Renters paying more than they should have to
A recent survey of 107 rental markets across the United States, reported on July 6, has revealed what many of Florida's renters already knew - rents in Florida are overvalued. And the problem seems to be at crisis point in Florida where 10 of the 14 most-overvalued rental markets in the entire U.S. are to be found.
The news comes less than a month after data from the same survey of property prices and home ownership conducted by Florida Atlantic University found that in cities like Tampa, properties could be overvalued by as much as 52.4%.
Increased demand is pushing up rents
One of the reasons behind rents going up so significantly is the heightened demand for homes and apartments in Florida.
Significant numbers of Americans are moving to the state from elsewhere in the country, drawn by the favorable tax system, great weather and all the other good things that the state has to offer. 220,890 Americans reportedly moved to Florida in 2021 alone and this seems to have pushed up demand for property.
Homeowners have been able to command higher prices from buyers, and with a lack of rent control, landlords have been able to push up rents and still find renters who are willing to pay. It has of course also pushed many renters towards homelessness and forced many others to move in with friends and family as a way of keeping a roof over their heads.
South Florida most overvalued
The survey found that the most overvalued rental market was in the Miami market, including Miami-Dade, Broward and Palm Beach counties. Rents in that market were found to be overvalued by 22.07%.
Meanwhile, the greatest year-on-year increase in rent was discovered to be in the Fort Myers area where rents had gone up by an average of 32.38% in 12 months. All Floridian markets in the survey had shown increases of over 20% in the last 12 months, putting all Florida markets in the top 15 of all U.S. markets surveyed.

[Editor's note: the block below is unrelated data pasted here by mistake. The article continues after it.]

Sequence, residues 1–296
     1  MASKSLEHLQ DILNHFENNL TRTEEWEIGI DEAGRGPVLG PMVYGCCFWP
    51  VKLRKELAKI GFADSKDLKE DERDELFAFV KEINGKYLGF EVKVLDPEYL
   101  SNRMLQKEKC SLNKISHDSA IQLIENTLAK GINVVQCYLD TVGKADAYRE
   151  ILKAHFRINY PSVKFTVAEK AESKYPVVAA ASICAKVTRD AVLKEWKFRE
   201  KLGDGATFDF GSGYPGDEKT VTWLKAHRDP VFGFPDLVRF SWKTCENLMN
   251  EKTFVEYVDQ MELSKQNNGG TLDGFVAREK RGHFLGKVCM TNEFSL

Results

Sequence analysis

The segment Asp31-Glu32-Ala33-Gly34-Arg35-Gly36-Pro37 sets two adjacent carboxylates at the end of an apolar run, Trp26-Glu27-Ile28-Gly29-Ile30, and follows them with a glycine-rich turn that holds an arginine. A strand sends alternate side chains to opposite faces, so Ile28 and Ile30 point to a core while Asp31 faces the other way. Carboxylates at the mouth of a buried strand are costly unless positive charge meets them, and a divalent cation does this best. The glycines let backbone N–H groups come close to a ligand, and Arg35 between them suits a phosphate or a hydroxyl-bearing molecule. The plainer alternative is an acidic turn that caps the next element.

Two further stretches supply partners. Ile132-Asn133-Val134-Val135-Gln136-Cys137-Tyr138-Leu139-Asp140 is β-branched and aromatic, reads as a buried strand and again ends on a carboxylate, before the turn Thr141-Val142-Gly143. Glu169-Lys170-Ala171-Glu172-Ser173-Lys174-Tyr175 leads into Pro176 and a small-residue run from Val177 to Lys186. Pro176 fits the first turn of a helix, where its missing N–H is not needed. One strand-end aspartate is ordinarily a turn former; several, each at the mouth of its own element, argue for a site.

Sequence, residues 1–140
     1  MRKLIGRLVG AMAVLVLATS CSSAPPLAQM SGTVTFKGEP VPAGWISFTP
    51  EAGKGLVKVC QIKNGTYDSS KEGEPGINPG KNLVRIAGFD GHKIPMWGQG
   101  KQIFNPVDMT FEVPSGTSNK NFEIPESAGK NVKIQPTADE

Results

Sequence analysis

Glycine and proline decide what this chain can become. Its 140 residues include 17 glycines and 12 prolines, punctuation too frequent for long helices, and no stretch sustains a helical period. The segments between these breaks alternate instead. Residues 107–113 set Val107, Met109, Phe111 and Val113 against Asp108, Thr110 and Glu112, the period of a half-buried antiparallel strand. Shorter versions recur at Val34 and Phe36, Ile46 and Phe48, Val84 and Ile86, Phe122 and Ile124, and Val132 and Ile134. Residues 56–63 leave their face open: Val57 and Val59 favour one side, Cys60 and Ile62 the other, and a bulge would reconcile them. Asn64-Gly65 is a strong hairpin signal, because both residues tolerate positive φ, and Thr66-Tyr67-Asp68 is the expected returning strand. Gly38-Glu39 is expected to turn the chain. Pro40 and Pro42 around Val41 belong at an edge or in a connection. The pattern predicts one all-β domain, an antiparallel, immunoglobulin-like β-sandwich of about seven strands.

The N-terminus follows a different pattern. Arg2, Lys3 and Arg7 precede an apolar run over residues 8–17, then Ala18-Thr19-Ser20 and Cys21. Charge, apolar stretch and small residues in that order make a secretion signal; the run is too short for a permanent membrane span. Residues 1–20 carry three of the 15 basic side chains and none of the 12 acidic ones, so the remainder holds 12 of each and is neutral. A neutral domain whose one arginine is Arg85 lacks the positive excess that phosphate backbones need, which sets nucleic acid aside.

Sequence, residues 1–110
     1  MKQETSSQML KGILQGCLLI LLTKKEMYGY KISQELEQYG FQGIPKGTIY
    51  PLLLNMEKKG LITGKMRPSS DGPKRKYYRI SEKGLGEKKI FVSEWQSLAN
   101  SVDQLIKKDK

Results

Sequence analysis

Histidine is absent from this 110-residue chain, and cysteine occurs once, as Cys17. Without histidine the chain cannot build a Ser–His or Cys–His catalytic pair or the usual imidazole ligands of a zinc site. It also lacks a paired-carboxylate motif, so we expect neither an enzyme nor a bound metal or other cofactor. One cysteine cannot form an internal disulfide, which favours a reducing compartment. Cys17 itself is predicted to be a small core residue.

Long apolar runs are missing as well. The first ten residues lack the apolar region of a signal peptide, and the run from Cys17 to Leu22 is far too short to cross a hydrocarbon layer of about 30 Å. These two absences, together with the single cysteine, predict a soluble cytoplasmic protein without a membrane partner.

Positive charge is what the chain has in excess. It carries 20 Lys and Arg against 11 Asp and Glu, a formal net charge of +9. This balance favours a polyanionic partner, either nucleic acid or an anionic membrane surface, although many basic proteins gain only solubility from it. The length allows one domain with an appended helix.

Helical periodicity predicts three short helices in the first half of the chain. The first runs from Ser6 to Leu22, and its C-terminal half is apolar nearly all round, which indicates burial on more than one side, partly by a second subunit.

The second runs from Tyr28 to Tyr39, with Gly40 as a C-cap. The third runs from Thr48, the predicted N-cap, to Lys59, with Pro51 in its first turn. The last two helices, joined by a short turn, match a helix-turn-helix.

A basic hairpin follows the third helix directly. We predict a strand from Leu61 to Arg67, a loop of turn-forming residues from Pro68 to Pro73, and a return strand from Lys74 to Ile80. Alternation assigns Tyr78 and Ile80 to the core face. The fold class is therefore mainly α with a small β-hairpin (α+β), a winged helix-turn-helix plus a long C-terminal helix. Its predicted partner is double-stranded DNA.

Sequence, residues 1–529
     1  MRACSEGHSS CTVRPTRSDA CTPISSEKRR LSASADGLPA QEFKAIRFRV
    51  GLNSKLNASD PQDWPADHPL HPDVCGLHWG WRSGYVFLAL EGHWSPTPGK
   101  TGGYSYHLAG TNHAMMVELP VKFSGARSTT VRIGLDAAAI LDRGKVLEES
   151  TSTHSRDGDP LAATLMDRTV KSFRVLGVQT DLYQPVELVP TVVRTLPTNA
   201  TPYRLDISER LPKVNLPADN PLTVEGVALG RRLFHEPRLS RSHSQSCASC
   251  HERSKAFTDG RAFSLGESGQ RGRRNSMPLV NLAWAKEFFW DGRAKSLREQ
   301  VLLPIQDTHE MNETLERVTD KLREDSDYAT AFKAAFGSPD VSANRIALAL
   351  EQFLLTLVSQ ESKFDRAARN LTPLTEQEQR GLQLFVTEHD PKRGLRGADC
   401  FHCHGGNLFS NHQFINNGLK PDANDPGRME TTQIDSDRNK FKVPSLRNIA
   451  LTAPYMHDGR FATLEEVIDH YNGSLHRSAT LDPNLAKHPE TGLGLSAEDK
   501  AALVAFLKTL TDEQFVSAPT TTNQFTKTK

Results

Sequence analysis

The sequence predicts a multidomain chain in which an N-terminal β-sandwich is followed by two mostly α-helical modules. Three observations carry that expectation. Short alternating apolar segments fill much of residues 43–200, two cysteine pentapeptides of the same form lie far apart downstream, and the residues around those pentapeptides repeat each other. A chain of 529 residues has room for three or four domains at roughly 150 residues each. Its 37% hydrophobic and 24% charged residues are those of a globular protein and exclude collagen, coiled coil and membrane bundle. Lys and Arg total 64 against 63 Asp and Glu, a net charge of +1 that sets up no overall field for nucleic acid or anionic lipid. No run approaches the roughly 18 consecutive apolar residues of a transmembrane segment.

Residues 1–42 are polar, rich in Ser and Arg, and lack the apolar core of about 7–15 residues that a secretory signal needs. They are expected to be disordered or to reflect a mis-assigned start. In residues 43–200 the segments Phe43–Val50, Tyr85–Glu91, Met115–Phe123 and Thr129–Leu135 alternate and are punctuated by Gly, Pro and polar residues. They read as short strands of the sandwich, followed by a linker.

Will state leaders address the issue?
While the population growth and the increase in property values are seen as signs of a growing economy, it's undeniable that many Floridians are struggling due to the increasing cost of property in the state. Democrat and gubernatorial election challenger Nikki Fried has declared on TV that "Floridians can't afford Florida anymore".
In early April, Fried stated that if elected governor, her first action on day one would be to declare a state of emergency in regard to the housing situation. She would introduce rent control, property tax breaks for owner-occupiers and better protection of the Sadowski fund intended to create affordable housing.
Even if she were to beat Governor Ron DeSantis and be elected as governor in November, such actions are still a long way off when renters are feeling the pain of inflated rents right now.
Do you think the state's leaders should be taking action to bring rents under control or is this just a matter of economics determining market value? Have you been affected by rising rents? Let me know in the comments section below.